As NRO readers are aware, Ohio joined the critical debate surrounding public sector compensation last year by passing significant reform. Those hoping to finally address the out-of-control nature of the size and scope of state and local government, however, were cruelly disappointed to see massive spending by labor unions and their allies turn the debate into an emotional TV ad campaign about public safety.
In the aftermath of this heated debate, and the overwhelming loss of Issue 2 this past November, there are many who feel this is not a good time to be reengaging the public and policy makers on labor law reform.
We disagree. In fact, in light of the passage of a right-to-work law in Indiana this is not a conversation states like Ohio can avoid. The debate has been ignited in Michigan, Minnesota, and a number of other states seeking to break out of the economic stagnation so many have experienced.
Ohio simply can’t afford to take large-scale reform off the table, particularly reforms that have the potential to mean significant economic growth and opportunity for its citizens. Ohio must stop the outflow of jobs and people to the south and west. Right-to-work is an integral part of this debate.
Which is why the Buckeye Institute for Public Policy Solutions — Ohio’s lone free market think tank — is releasing Ohio Right-to-Work: How the Economic Freedom of Workers Enhances Prosperity — an informative and debate changing report on the high cost of denying workplace freedom.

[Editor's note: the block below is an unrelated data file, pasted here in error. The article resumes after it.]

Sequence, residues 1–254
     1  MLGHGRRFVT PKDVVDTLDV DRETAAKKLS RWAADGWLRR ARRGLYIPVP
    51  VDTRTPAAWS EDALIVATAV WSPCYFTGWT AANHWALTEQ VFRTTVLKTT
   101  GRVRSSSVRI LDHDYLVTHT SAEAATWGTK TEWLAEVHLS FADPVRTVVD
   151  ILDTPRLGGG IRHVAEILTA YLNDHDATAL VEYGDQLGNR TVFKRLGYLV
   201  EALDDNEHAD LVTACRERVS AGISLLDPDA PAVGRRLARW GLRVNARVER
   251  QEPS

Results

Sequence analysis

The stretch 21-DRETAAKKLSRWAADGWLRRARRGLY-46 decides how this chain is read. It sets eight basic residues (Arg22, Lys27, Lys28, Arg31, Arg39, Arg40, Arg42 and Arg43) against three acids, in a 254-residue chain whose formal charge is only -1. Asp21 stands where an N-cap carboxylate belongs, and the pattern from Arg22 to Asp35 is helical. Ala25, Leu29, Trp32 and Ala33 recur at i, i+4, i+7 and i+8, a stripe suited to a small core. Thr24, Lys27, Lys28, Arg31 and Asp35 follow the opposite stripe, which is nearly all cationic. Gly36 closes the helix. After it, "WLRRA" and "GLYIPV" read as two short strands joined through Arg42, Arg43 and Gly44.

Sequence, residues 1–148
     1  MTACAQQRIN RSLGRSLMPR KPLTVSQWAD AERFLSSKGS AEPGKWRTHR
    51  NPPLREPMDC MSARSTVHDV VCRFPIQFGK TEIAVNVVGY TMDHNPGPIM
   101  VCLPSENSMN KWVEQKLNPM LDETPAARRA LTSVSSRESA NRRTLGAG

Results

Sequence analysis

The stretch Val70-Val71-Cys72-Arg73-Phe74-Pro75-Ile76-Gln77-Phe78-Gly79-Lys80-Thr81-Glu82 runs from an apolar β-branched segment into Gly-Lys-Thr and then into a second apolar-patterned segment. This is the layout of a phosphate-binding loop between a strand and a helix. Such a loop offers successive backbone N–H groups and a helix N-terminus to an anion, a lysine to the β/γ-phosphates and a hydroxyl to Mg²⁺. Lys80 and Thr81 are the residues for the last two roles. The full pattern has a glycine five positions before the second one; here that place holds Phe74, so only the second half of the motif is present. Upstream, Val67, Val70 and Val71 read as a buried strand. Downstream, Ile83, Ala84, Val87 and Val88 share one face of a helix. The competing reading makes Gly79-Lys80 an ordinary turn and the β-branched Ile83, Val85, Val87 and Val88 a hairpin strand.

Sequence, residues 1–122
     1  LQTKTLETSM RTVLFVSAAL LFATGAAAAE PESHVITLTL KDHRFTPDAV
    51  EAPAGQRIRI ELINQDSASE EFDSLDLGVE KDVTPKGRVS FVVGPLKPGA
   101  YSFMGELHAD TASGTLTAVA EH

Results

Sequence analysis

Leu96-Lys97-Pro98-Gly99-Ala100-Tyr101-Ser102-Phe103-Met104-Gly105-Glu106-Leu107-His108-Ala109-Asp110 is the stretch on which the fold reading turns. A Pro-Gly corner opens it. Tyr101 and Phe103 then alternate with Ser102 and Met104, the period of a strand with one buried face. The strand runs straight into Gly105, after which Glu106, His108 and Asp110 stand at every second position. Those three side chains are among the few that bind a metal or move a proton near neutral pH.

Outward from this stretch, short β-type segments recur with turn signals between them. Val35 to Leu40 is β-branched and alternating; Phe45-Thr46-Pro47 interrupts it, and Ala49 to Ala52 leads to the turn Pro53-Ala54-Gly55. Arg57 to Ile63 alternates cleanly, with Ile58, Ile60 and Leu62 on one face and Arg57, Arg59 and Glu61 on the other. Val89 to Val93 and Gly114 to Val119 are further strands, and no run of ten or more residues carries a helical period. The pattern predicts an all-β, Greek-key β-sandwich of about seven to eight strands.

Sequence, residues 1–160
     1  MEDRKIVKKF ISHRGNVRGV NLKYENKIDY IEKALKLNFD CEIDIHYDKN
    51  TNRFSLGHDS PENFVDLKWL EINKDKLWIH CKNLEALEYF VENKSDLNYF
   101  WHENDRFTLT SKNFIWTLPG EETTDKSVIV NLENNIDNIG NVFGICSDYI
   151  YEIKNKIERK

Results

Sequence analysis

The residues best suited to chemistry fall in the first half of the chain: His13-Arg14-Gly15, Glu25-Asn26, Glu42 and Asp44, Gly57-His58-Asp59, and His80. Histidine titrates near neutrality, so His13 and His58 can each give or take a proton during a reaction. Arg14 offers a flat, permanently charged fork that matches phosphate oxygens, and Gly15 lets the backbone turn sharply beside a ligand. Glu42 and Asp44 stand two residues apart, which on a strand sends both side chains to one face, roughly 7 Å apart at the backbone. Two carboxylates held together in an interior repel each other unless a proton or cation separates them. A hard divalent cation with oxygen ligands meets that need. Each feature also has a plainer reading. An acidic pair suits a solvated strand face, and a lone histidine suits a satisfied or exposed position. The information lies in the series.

#more#The reality is that Ohio has been falling farther and farther behind economically for decades. And by not embracing right-to-work we have seen jobs and companies move south and west depleting our human and financial resources. Here are some startling statistics from the report released today:
From 1977 to 2008 the inflation-adjusted personal income of Ohioans grew just over 35 percent compared to 55 percent for the nation as a whole.
Ohio had the third lowest rate of growth (as measured by personal income) during this period. Only Michigan and West Virginia saw lower growth in personal income.
During this period per capita income in Ohio fell from slightly over 1 percent higher than the national average to around 11percent below the national average.
From 2000 to 2009 368,203 residents left Ohio. That adds up to 109 people a day, seven days a week!
The report estimates that had Ohio passed a right-to-work law in 1977 the per capita income of a family of four in 2008 would be $9,400 higher annually (one model estimated as much as $12,000 higher).
In a time of budget stringency, governments often cannot afford to use financial resources to impact growth, but they can change the legal environment in which labor, the most important factor of production, operates.
It seems to us the time has come for Ohio to move towards positive consideration of a right-to-work law.
And we intend to start that debate — a debate based on the actual history of this issue and the sobering economic realities that underlie it, not on myths and misinformation.
The future of our communities — our children and grandchildren — depends on it.
Kevin Holtsberry is the president of the Buckeye Institute for Public Policy Solutions in Columbus, Ohio.